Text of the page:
With the aspects of the present invention, orientation checking for tape and reel systems is improved. The utilization of fiber optic sensors and digital logic provide automated checking mechanisms that result in less chance for human error in identifying wrongly oriented packages in tape pockets. Further, while increasing reliability, the automated nature saves time over traditional, manual, human visual inspection approaches.
Although the present invention has been described in accordance with the embodiments shown, one of ordinary skill in the art will readily recognize that there could be variations to the embodiments and those variations would be within the spirit and scope of the present invention. Accordingly, many modifications may be made by one of ordinary skill in the art without departing from the spirit and scope of the appended claims.
|Cited Patent||Filing date||Publication date||Applicant||Title|
|US5844249 *||Jan 7, 1997||Dec 1, 1998||Hoechst Aktiengesellschaft||Apparatus for detecting defects of wires on a wiring board wherein optical sensor includes a film of polymer non-linear optical material|
|US6210984 *||Sep 20, 1999||Apr 3, 2001||Micron Technology, Inc.||Method and apparatus for automatically positioning electronic dice within component packages|
|Citing Patent||Filing date||Publication date||Applicant||Title|
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|US20050000306 *||Aug 3, 2004||Jan 6, 2005||International Product Technology, Inc.||Carrier tape vibrator module|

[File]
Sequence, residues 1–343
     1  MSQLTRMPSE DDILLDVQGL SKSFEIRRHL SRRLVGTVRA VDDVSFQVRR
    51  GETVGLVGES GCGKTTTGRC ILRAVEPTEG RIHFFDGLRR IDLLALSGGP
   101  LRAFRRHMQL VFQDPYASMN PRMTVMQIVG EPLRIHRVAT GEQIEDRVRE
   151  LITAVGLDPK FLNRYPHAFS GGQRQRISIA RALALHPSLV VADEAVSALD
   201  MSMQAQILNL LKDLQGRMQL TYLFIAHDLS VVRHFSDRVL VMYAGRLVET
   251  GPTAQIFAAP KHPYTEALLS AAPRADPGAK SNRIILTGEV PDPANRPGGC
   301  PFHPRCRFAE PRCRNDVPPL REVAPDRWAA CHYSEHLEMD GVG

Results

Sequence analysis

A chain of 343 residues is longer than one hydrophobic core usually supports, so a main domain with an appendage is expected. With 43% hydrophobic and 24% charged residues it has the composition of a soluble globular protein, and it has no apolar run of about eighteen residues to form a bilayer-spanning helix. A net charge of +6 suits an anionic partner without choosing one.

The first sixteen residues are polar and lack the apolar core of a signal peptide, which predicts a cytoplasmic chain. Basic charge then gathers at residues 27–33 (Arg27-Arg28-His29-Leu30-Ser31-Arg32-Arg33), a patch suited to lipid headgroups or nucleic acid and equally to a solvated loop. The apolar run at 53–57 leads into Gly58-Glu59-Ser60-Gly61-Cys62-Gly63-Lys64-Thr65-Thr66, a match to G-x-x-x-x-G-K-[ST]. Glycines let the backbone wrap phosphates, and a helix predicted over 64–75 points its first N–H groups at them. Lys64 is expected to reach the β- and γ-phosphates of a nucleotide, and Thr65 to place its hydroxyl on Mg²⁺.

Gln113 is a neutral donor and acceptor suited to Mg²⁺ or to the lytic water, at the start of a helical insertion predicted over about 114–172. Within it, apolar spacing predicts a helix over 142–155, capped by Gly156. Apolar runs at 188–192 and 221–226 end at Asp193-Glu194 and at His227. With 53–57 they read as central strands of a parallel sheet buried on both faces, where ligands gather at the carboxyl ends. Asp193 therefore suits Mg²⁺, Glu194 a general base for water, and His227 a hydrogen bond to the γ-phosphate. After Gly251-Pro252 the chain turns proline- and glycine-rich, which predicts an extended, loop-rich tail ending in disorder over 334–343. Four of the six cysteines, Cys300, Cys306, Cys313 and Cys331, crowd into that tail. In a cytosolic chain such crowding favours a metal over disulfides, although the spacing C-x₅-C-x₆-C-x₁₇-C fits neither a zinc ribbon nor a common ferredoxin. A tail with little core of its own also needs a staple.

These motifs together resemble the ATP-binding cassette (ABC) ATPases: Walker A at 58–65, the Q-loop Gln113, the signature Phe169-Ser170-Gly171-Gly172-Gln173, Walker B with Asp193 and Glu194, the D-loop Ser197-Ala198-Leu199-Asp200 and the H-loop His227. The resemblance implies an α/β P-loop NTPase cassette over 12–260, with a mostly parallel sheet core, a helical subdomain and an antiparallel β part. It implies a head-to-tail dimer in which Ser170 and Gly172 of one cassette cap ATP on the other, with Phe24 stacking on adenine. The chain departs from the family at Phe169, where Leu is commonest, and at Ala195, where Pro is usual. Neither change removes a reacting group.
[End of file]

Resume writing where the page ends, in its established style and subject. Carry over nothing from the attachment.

|US20080221724 *||Mar 9, 2007||Sep 11, 2008||Chih-Fu Chung||Method For Positioning Reel-To-Reel Flexible Board In Automatic Manufacturing Process|
|U.S. Classification||438/106, 438/17, 438/12, 438/16|
|International Classification||H05K13/08, H05K13/02|
|Cooperative Classification||H05K13/022, H05K13/08|
|European Classification||H05K13/02D, H05K13/08|
|Aug 3, 2000||AS||Assignment|
Owner name: ADVANCED MICRO DEVICES, INC., CALIFORNIA
Free format text: ASSIGNMENT OF ASSIGNORS INTEREST;ASSIGNORS:SRITULANONT, SOMBOON;VIRIYA, WATTANAPONG;HANGMALA, AMORN;REEL/FRAME:011127/0385
Effective date: 20000719
|Apr 26, 2006||FPAY||Fee payment|
Year of fee payment: 4
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|Apr 9, 2014||FPAY||Fee payment|
Year of fee payment: 12